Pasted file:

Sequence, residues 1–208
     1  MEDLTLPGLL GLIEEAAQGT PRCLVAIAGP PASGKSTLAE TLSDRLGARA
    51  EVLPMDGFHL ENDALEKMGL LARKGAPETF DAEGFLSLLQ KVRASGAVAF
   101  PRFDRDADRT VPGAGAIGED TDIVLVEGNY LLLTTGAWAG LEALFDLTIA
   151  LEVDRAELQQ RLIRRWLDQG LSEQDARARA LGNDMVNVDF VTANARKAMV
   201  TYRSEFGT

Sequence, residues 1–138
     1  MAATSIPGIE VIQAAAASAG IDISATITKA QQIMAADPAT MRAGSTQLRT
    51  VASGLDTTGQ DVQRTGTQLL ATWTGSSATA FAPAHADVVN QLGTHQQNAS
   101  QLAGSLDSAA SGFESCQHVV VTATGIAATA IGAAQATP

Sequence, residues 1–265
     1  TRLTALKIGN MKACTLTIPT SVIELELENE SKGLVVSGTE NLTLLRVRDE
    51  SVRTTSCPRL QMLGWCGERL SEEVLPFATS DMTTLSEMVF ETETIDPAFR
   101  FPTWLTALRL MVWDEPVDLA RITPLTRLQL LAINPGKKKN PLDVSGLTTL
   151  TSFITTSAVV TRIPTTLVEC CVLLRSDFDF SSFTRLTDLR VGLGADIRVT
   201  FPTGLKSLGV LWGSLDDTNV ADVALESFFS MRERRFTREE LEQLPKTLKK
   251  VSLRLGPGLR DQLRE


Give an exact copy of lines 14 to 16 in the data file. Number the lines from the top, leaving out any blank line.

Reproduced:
   101  FPTWLTALRL MVWDEPVDLA RITPLTRLQL LAINPGKKKN PLDVSGLTTL
   151  TSFITTSAVV TRIPTTLVEC CVLLRSDFDF SSFTRLTDLR VGLGADIRVT
   201  FPTGLKSLGV LWGSLDDTNV ADVALESFFS MRERRFTREE LEQLPKTLKK